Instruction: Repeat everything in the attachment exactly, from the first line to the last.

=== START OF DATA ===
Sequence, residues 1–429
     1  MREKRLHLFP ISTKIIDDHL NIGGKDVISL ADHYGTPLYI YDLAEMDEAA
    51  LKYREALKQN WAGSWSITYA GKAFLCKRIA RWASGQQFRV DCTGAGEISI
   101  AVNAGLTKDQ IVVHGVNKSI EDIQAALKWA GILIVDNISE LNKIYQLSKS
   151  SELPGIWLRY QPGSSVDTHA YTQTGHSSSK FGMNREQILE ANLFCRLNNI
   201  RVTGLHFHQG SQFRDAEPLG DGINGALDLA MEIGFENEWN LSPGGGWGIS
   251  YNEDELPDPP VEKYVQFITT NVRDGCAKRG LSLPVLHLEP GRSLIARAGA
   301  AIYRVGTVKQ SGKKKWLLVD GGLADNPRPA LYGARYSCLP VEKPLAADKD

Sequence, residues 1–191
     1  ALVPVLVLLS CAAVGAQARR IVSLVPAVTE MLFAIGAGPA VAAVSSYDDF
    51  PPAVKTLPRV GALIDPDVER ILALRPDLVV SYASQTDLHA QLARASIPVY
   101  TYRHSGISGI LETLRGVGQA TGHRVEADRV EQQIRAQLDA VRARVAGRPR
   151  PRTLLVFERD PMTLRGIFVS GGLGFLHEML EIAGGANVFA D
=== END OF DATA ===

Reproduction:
Sequence, residues 1–429
     1  MREKRLHLFP ISTKIIDDHL NIGGKDVISL ADHYGTPLYI YDLAEMDEAA
    51  LKYREALKQN WAGSWSITYA GKAFLCKRIA RWASGQQFRV DCTGAGEISI
   101  AVNAGLTKDQ IVVHGVNKSI EDIQAALKWA GILIVDNISE LNKIYQLSKS
   151  SELPGIWLRY QPGSSVDTHA YTQTGHSSSK FGMNREQILE ANLFCRLNNI
   201  RVTGLHFHQG SQFRDAEPLG DGINGALDLA MEIGFENEWN LSPGGGWGIS
   251  YNEDELPDPP VEKYVQFITT NVRDGCAKRG LSLPVLHLEP GRSLIARAGA
   301  AIYRVGTVKQ SGKKKWLLVD GGLADNPRPA LYGARYSCLP VEKPLAADKD

Sequence, residues 1–191
     1  ALVPVLVLLS CAAVGAQARR IVSLVPAVTE MLFAIGAGPA VAAVSSYDDF
    51  PPAVKTLPRV GALIDPDVER ILALRPDLVV SYASQTDLHA QLARASIPVY
   101  TYRHSGISGI LETLRGVGQA TGHRVEADRV EQQIRAQLDA VRARVAGRPR
   151  PRTLLVFERD PMTLRGIFVS GGLGFLHEML EIAGGANVFA D